Roger M. Kaye
A retired physicist reinvented as thriller novels writer

What a Waste

Not a Drop of Beer in Sight (Free to Use by Pexels from Pixabay)

A short blog today, I do not want to waste too many of those little blue electrons, running around in circles in my computer.

Israel, we are told, wastes over a third of its food every year. Some 2.6 million tons of food, that is worth more than NIS 21 billion, ends up as landfill. Next time you go for a walk in the countryside, remember that you are walking on sirloin steaks, cherry tomatoes, and many avocados. And there is something strange, I am tempted to say fishy, in taking a fish out of the sea only to bury it on the land.

But we waste much more than food. We waste something more important – we waste time. We sometimes forget that we have been given only a limited supply. Let us take a look.

High on the list is time spent watching a group of grown men kicking a children’s ball. Football was the most watched sport, with tennis coming in second. While football players may be getting some helpful exercise, why anybody would want to watch them is simply incomprehensible. And fans go to a football match having already chosen their team. Why not wait until the match is over and then choose the winning side as their team. Then everyone can go home happy.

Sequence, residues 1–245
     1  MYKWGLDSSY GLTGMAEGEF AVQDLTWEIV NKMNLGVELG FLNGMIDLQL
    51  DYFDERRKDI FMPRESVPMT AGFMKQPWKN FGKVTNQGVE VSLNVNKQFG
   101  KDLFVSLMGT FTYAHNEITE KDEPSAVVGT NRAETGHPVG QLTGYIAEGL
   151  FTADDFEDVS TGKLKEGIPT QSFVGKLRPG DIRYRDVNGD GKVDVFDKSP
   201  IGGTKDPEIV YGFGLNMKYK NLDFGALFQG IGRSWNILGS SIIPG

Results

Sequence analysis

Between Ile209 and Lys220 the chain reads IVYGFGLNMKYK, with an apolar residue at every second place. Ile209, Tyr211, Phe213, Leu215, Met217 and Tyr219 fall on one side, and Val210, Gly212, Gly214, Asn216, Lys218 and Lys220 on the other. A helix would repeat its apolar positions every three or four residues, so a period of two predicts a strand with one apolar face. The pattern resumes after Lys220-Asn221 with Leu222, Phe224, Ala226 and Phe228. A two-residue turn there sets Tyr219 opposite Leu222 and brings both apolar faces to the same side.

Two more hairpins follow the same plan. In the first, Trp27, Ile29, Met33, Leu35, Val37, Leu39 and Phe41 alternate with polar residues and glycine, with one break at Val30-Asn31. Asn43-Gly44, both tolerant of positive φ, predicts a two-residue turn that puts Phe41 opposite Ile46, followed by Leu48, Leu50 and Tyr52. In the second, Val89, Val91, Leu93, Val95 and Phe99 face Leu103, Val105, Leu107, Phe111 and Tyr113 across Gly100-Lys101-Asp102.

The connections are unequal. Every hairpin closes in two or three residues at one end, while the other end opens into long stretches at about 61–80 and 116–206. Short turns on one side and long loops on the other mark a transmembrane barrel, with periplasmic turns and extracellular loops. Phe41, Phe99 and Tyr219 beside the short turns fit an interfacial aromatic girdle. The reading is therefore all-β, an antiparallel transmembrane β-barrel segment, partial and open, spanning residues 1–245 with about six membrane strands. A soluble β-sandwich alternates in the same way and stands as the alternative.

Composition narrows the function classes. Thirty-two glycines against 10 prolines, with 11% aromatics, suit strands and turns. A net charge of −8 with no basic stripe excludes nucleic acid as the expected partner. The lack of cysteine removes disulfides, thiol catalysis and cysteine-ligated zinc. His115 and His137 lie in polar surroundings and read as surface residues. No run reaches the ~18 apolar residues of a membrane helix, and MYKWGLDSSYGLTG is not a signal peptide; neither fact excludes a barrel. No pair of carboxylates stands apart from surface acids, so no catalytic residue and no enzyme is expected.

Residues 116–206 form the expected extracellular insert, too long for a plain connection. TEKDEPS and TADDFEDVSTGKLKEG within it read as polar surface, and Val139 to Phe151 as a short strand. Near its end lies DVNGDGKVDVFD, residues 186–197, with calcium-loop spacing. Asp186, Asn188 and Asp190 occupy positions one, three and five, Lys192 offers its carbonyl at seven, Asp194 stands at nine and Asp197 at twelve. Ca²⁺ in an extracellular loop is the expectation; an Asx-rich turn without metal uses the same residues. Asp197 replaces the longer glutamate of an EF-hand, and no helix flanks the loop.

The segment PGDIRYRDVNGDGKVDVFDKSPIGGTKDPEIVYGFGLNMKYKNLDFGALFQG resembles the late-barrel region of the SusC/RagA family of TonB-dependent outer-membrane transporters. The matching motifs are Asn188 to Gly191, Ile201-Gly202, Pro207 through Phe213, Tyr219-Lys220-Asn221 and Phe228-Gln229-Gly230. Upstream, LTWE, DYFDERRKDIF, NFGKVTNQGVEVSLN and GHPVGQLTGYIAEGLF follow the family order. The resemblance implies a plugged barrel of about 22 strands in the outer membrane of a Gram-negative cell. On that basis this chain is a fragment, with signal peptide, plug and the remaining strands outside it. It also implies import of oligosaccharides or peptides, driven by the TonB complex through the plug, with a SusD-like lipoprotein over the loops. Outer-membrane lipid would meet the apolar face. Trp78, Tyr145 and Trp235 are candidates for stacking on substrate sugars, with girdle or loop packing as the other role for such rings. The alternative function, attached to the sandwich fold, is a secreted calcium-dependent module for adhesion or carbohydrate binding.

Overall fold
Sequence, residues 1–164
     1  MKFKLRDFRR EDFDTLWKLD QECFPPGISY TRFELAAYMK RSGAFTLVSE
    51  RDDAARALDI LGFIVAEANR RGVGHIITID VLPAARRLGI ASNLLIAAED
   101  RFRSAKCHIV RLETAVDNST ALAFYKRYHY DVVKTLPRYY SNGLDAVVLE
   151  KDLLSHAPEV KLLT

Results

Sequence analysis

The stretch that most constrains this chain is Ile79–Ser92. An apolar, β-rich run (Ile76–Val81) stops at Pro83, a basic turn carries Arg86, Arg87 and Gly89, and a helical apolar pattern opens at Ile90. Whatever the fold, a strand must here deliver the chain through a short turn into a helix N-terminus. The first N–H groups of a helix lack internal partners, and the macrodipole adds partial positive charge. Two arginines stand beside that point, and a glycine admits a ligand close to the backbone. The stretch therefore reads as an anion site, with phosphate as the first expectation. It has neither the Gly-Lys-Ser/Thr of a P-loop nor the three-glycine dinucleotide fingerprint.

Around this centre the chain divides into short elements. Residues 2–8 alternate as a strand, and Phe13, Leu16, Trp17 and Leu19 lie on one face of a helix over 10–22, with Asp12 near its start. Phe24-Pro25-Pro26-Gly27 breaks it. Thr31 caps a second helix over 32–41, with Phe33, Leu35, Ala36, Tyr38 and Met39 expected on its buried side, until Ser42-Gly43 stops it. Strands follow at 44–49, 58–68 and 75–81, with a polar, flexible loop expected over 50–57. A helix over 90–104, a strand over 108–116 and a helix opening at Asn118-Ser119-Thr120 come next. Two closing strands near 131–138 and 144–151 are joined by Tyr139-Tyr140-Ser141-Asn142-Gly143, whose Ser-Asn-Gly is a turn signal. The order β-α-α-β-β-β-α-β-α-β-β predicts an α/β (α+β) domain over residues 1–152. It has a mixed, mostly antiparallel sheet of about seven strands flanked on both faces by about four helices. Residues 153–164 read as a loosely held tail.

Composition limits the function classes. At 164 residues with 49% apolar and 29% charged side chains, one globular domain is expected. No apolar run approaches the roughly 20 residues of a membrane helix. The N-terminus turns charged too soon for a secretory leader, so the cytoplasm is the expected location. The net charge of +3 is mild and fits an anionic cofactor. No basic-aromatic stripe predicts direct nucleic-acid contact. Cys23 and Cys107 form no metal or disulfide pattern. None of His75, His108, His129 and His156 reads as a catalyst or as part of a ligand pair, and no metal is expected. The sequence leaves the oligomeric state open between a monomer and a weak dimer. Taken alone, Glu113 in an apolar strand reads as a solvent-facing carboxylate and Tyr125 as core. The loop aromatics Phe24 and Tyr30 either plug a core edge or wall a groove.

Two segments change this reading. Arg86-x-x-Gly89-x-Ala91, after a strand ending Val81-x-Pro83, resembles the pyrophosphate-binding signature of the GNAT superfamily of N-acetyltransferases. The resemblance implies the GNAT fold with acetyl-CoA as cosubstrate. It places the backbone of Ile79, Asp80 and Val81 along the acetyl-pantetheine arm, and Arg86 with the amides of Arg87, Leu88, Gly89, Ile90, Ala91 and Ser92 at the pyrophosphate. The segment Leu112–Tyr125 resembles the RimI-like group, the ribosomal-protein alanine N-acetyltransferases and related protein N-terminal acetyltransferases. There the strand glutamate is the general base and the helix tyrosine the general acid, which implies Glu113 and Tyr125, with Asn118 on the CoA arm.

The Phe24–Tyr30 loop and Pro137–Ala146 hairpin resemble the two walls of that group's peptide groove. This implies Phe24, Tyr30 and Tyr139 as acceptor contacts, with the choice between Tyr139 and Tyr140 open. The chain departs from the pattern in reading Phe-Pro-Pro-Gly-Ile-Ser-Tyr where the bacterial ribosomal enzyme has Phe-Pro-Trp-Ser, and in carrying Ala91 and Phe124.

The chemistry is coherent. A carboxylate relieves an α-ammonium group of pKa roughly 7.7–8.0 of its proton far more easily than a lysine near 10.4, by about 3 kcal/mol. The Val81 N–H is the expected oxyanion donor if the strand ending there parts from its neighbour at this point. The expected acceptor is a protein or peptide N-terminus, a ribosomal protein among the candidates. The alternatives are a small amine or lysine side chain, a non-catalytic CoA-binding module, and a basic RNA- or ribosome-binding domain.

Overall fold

Football fans will not be going home happy from the World Cup in Qatar. The ultra-conservative rulers have banned the sale of beer. The sober fans will be bored rigid watching the matches without a glass of beer in their hand.

A recent study has shown that fans watch more than 20,000 hours of sports in their lifetime. That’s more than two years. Just imagine what could be achieved if these wasted hours were put to good use. Tidying the garden, washing the car, learning Chinese, are just a few suggestions.

On a personal note, I spend (not waste) many hours writing my blogs. But I must stop now; I am being called to lunch. I would not want it to go to waste.

About the Author
The author has been living in Rehovot since making Aliya in 1970. A retired physicist, he divides his time between writing adventure novels, getting his sometimes unorthodox views on the world into print, and working in his garden. An enthusiastic skier and world traveller, the author has visited many countries. His first novels "Snow Job - a Len Palmer Mystery" and "Not My Job – a Second Len Palmer Mystery" are published for Amazon Kindle. The author is currently working on the third Len Palmer Mystery - "Do Your Job".
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